From conception to stage, the life cycle of a Lowden guitar
ACOUSTIC EXPO 2013: In this exclusive feature, we speak with Lowden founder and world-revered designer George Lowden to discover what goes in to the making of his beautiful acoustics. From initial considerations to the gleaming finished article, we document the major milestones in the creation of a Lowden guitar.
Why a Lowden?
A player decides to choose a Lowden because the guitar speaks to them. Something in its unique sound and the craftsmanship which goes into the building of it captures the heart. The Lowden guitar reflects the very personal approach and philosophy of its designer, George Lowden.
He explains it like this: "Designing and building guitars is a matter of the wood choice first, the design second, and the workmanship third. Sourcing the AAAA and Master Grade woods we use is difficult and I have built up relationships with wood suppliers who know what I want .The soundboard and soundboard strutting material both have to be split rather than sawn.
"When wood is split , the split line follows the grain direction naturally whereas when it is sawn there is no guarantee that the sawn line will be parallel to the grain. This is important because if the wood fibres are very long (as in the split line) the transfer of sound is fast and efficient, and because wood which is split is stronger than wood which does not have long parallel grain."
A choice of wood
"All woods give slightly different tonal responses and I will often advise players which might suit them best according to their playing style. For backs and sides I choose hard, very fine textured woods such as African Blackwood, Honduras Rosewood and American Claro or Bastogne Walnut (with Brazilian Rosewood, only very old wood is now available as new wood is not permitted to be cut down).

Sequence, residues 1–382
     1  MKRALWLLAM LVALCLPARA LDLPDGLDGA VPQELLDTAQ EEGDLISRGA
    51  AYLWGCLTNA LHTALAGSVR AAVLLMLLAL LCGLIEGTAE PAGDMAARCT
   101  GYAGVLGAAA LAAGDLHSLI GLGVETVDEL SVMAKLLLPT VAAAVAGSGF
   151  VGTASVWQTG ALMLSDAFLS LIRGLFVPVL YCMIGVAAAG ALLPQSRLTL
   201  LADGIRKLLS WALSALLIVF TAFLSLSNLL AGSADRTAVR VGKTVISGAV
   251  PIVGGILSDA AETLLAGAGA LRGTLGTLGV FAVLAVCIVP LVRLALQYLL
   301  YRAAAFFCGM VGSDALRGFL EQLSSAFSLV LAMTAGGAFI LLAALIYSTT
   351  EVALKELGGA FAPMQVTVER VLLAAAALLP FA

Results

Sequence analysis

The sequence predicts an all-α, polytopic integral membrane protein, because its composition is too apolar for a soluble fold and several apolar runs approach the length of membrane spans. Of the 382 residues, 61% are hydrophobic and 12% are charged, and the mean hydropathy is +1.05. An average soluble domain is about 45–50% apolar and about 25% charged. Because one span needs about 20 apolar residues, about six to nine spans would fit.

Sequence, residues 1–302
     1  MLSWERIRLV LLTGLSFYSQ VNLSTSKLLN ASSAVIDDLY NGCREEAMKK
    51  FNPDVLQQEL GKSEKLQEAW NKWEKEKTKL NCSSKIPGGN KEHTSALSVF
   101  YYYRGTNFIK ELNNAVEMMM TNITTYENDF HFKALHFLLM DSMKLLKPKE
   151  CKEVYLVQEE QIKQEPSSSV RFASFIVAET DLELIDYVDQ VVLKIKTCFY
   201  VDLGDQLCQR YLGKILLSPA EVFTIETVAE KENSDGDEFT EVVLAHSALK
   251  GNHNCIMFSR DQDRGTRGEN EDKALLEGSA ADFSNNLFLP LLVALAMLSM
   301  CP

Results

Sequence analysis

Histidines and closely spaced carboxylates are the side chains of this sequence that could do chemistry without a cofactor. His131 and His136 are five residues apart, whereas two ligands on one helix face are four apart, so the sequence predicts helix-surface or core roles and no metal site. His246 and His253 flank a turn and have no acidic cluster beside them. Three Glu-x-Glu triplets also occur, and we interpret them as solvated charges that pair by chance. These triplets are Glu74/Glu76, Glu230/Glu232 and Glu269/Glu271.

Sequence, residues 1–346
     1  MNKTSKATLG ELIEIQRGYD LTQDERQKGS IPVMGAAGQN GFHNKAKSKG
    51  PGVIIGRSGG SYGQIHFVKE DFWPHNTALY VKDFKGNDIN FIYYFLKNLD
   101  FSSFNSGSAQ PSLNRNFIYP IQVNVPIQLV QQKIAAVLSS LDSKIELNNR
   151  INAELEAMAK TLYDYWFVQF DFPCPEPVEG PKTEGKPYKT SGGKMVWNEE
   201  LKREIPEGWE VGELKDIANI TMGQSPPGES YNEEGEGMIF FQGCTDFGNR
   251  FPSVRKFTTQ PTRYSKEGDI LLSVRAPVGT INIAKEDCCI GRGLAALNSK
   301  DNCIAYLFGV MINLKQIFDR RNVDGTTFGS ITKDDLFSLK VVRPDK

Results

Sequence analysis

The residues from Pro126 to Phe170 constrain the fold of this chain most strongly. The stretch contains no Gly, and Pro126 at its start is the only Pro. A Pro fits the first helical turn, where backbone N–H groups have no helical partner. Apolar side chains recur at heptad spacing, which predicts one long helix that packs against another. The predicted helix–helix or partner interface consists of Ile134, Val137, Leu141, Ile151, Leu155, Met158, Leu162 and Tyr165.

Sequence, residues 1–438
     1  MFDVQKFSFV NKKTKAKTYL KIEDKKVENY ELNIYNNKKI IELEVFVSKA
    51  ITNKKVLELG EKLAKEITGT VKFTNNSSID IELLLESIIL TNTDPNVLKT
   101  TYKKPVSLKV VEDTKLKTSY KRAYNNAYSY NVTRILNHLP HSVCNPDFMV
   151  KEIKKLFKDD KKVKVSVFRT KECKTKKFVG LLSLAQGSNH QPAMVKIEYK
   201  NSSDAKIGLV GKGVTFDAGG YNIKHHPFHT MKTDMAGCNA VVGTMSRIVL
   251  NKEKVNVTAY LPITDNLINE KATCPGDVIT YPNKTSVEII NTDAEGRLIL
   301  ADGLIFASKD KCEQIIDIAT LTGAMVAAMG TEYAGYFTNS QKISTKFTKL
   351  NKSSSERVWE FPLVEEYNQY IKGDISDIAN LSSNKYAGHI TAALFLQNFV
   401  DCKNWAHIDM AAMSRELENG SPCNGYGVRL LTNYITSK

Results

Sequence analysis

"I like very old Spruce, Redwood and Cedar trees (which have fallen down naturally) with a slow growth pattern for very lightweight, stiff, straight-grained soundboards. When I tap the wood I look for a certain high frequency bell-like tone. I can tell from the appearance of the wood including the prominence of the medullary rays whether the tap tone is likely to be spectacular or not."
Design is also very important
"Many acoustic brands use the traditional design of older American brands. However, I have designed my own guitars and I continue to try to develop that design further. For example, building into the guitar a lot of structural integrity with a low weight / high strength ratio, and enhancing the energy produced by the strings and bridge to involve as large an area of the soundboard as possible. The aim is to ensure that all the individual elements of the design work together to create a truly responsive guitar – capable of great subtlety on the one hand, yet very powerful on the other."
Skilled craftsmanship is key
"Workmanship is equally important for long term integrity and to eliminate unplanned-for stresses within the guitar. If you just ensure structural integrity but neglect to ensure that all joints are an easy natural fit, then the guitar will sound tight and not responsive enough. We use Japanese hand tools with razor sharp cutting edges, employing a depth of concentration which permits very fast work to an extremely high standard at the same time.